Thursday, May 19, 2022

New research shows opportunity for NZ wool in US

New research has found that Americans have different ideas about wool compared to New Zealanders – one that offers growers a huge opportunity.

While New Zealand consumers are generally well versed on wool and its benefits, O’Sullivan said the CFWNZ was pleased to have identified a number of gaps in consumer understanding in the US. 

New research has found that Americans have different ideas about wool compared to New Zealanders – one that offers growers a huge opportunity.

The research commissioned by the Campaign for Wool NZ (CFWNZ) found a large education gap in how US consumers think about wool, CFWNZ chairman Tom O’Sullivan said.

“For example, 53% think of cashmere when they hear the word wool. Although they are aware of wool, it sits quite a bit lower down in their consciousness when compared to New Zealand consumers.”

The research by Fresh Perspective Insight canvassed 3000 consumers across three markets – New Zealand, the United Kingdom and the United States in November last year.

It also detected a second issue. 

“It showed Americans harbour misconceptions that wool is rough, itchy and hard to care for, whereas New Zealanders have much higher awareness of the positive attributes of wool like biodegradability, fire resistance and insulating properties,” he said.

While New Zealand consumers are generally well versed on wool and its benefits, O’Sullivan said the CFWNZ was pleased to have identified a number of gaps in consumer understanding in the US.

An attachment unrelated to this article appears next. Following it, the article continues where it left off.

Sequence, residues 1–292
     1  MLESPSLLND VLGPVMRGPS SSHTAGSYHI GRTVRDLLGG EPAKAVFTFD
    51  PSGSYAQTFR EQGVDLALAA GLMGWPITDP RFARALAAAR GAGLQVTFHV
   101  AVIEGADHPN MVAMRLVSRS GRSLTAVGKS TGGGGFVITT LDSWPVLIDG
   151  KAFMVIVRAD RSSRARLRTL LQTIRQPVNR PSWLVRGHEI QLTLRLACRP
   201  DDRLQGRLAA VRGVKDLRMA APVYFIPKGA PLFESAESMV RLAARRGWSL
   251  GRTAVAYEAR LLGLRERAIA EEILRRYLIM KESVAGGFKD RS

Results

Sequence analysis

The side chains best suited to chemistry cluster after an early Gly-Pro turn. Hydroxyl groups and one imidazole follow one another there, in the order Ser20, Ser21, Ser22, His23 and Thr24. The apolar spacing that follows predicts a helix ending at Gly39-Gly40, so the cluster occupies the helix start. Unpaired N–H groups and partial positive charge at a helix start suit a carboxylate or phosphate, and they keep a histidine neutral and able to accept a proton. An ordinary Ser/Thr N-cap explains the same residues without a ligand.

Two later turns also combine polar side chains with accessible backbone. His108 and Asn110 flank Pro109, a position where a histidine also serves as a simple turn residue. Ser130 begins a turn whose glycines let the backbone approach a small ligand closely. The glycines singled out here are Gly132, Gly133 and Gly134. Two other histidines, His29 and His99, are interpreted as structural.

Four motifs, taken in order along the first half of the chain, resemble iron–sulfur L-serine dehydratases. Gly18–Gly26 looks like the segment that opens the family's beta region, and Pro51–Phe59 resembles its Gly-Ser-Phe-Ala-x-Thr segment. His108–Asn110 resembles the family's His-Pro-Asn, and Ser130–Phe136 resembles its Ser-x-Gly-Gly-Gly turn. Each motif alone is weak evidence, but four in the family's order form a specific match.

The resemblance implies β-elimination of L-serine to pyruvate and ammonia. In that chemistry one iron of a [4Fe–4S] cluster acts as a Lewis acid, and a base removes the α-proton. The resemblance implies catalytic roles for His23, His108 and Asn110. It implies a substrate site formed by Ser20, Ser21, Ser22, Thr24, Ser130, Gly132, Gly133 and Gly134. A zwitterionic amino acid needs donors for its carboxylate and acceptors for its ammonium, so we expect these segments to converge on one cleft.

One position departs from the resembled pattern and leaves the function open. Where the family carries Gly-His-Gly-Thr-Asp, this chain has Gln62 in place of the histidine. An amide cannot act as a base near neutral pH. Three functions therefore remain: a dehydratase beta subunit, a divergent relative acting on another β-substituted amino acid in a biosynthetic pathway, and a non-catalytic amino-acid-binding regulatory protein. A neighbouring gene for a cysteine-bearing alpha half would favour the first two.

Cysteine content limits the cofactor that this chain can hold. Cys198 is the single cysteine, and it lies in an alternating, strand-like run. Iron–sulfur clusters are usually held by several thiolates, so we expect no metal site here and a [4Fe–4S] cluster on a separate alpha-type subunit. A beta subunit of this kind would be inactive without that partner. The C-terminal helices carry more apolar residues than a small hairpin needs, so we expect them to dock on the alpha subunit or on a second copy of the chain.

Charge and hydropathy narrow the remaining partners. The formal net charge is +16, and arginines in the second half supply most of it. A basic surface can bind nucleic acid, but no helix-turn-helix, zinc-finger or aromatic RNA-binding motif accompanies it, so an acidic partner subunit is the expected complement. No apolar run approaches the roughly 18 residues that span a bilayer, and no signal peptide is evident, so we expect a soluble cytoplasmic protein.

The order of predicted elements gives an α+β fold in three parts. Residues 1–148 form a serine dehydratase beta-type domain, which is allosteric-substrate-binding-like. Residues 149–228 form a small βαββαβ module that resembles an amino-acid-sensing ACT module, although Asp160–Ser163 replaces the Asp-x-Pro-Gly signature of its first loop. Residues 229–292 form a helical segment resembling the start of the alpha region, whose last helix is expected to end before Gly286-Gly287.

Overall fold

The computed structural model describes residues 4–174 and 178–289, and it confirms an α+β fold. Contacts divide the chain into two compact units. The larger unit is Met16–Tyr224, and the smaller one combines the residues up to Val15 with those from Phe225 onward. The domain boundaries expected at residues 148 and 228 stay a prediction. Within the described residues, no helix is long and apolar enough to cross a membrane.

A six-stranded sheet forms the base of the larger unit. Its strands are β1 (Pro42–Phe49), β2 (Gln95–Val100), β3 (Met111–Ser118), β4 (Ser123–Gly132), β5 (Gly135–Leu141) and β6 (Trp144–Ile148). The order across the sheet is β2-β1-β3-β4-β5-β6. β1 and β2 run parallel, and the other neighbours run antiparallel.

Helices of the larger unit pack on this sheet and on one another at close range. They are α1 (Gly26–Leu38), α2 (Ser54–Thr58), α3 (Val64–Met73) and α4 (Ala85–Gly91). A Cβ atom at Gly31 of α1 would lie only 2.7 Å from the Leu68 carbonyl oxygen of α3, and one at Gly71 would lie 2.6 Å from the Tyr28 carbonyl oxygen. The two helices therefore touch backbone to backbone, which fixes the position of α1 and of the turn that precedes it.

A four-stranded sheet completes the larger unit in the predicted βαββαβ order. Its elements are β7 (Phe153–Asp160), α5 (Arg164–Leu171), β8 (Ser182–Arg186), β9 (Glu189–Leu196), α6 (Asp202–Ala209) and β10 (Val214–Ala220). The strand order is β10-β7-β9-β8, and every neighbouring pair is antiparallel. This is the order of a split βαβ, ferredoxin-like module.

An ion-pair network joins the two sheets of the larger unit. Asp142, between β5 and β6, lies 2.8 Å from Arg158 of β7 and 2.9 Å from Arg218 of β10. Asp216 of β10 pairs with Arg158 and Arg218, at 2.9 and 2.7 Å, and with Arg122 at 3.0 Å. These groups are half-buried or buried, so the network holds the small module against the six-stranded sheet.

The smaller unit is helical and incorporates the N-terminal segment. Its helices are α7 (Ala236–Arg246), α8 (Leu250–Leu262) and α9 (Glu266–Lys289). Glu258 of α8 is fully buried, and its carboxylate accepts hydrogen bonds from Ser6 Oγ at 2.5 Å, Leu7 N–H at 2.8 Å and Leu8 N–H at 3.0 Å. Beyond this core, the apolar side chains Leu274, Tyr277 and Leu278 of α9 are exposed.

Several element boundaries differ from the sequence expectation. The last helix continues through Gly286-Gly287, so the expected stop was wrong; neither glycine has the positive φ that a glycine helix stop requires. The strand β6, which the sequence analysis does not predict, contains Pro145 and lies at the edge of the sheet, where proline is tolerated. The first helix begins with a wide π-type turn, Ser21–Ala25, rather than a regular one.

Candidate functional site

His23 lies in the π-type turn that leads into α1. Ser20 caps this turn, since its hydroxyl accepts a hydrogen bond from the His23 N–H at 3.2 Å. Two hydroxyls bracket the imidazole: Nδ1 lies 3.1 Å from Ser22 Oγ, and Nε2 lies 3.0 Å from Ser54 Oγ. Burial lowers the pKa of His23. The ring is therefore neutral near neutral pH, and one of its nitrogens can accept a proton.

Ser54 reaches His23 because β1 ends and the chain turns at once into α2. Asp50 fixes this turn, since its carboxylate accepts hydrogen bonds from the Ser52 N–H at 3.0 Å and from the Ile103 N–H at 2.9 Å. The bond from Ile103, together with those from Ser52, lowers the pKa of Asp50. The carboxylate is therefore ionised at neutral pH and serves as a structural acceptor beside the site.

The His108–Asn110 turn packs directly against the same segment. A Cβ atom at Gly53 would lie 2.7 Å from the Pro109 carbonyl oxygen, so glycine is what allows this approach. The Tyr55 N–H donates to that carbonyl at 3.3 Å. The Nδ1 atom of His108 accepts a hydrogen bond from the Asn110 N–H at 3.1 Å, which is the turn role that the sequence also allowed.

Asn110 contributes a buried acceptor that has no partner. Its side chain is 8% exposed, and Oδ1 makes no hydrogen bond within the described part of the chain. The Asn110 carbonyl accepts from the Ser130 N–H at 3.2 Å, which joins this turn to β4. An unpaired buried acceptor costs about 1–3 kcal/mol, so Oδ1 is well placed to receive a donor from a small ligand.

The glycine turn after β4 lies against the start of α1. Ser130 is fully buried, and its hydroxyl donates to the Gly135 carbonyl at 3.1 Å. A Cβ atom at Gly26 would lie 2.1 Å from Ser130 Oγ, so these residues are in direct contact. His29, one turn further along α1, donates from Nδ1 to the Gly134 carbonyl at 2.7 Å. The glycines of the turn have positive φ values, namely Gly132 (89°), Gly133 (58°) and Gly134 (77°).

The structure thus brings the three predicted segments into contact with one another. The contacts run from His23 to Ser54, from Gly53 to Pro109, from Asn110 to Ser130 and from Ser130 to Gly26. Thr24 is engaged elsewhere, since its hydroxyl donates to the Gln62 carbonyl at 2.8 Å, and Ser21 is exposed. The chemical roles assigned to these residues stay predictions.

Most of those surveyed view wool as a super fibre when it comes to resilience and sustainability.

“One thing we saw in the research is that those in the US see wool as ‘owning’ the superior quality and durability space,” he said.

The research also found that 66% of respondents positioned wool as long lasting when compared with petroleum-based synthetics and plant fibres.

“The tide is turning in our war on synthetics. We can leverage consumers’ appetite for a cleaner, greener shift by ensuring we’re telling the right stories about New Zealand wool, increasing demand for our growers. With strong quality measures, this data will also support our commercial partners to justify higher prices in the US.”

It is well known that the United States has been a difficult market to crack, but O’Sullivan said the team at CFWNZ is confident. 

“When it comes to the US, it’s all about target and focus. Although we now have a clearer picture of the US wool consumer, we need to narrow our geographic focus to ensure the messaging is strong and loud

 “We’ve identified Texas, California and the East Coast as the key areas for New Zealand wool. However, we are looking to refine this further into sub-states and even down to city level where we can.”

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